• You can make this argument for all $n= 2^k - 2$. You can do it by making the missing number either $0$ or $2^i$ where $i$ is the last row of bits that is checked. For example, if $n = 62 = 2^6 - 2$ so we have 6 bits to check for each number. Let's say we check the row of bits for each number in the order of 0, 5, 4, 1, 2, so that 3 is the last row that hasn't been checked. That means it is still undecided whether the missing value is either $0$ or $2^3 = 8$ until the last row of bits is checked because they are identical up to that point: $000000$ or $001000$.
– ryan
Commented May 18, 2020 at 16:15

Perhaps I am missing the point but this seems trivial.

var previousBit = 1;

for index = 0 to n -1 // -1 because the array is one short of n.
begin
var currentBit = A[index].bit(0)
if(currentBit == previousBit)
break;
else
previousBit = currentBit
end

print "missing number is ", index


Assuming A[index].bit(0) gives the zero-th bit of the number at the array position index.

This is plainly O(n)

This would be based on the observation that the least significant bit of the number toggles as you increase from 0 to n, and where it doesn't you have found the missing number.

• The numbers aren't in sorted order. Commented May 18, 2014 at 8:40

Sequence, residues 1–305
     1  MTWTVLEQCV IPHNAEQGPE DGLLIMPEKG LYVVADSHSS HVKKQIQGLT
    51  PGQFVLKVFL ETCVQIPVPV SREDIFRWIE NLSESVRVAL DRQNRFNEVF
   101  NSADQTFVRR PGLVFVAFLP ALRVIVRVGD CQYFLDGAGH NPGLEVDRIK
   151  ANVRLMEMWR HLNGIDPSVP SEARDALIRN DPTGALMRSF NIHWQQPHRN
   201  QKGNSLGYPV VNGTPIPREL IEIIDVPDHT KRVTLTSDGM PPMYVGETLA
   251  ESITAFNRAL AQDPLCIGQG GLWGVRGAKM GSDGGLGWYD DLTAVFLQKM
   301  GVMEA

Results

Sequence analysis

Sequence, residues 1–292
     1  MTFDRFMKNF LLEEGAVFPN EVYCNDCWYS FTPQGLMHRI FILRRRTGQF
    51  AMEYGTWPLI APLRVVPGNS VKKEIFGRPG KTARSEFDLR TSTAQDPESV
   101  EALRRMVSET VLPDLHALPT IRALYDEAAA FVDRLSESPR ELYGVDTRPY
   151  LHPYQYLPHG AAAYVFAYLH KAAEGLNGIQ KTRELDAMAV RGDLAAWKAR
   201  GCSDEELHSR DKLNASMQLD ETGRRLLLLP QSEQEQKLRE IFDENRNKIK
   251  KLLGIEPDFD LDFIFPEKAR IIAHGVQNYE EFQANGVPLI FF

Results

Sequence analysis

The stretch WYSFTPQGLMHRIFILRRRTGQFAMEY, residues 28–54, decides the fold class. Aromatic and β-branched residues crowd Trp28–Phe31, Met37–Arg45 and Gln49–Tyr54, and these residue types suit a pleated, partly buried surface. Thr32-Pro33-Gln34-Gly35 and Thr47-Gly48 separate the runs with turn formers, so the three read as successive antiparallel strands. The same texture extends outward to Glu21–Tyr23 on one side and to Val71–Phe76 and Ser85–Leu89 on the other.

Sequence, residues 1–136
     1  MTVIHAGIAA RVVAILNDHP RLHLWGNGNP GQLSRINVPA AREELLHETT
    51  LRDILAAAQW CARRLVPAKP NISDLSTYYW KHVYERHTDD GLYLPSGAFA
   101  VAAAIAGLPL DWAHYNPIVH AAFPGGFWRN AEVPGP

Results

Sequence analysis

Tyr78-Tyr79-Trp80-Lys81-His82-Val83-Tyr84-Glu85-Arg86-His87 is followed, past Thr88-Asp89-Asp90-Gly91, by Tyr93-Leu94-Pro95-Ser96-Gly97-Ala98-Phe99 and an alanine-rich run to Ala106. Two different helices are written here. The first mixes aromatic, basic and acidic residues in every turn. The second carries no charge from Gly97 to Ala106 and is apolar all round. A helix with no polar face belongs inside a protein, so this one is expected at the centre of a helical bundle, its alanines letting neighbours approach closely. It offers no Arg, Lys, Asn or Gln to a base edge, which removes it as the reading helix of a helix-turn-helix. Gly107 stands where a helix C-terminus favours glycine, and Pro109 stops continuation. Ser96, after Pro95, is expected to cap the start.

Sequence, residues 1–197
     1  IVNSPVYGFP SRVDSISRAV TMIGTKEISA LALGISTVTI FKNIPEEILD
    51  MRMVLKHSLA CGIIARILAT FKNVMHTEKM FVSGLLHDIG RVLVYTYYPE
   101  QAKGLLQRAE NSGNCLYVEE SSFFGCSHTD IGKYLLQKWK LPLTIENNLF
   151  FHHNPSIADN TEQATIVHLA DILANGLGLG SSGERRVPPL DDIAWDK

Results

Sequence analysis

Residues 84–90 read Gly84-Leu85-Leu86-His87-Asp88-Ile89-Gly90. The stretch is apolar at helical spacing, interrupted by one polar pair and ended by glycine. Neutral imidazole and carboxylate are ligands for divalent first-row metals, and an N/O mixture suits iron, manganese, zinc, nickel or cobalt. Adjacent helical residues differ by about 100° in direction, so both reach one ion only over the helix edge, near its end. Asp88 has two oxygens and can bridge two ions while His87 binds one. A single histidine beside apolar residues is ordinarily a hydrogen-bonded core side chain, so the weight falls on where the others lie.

• If they were, we could do a binary search, comparing the current element with the expected number, and if there was a shift, search where appropriate. Commented May 18, 2014 at 9:45

This is similar to NightRa's answer, but I believe they were missing a few details. Simply following which Least Significant Bits there are less of will not get you to the correct solution.

You need to follow which bit has fewer than you expect.

For example, let's say $$n = 6$$ and $$A = [0, 1, 3, 4, 5, 6]$$.

Our bits are:

0 - 000
1 - 001
3 - 011
4 - 100
5 - 101
6 - 110


Our least significant bits are [0, 1, 1, 0, 1, 0], which have an equal amount of both 0 and 1 bits. However, since we know $$n=6$$, from $$0$$ to $$6$$ we expect there to be 4 even numbers (0, 2, 4, 6) and 3 odd numbers (1, 3, 5).

This means, of the least significant bits, we expect there to be 4 even bits (0) and 4 odd bits (1). We can see there are not 4 even bits, but rather only 3, so we recurse on those, going to the next least significant bit.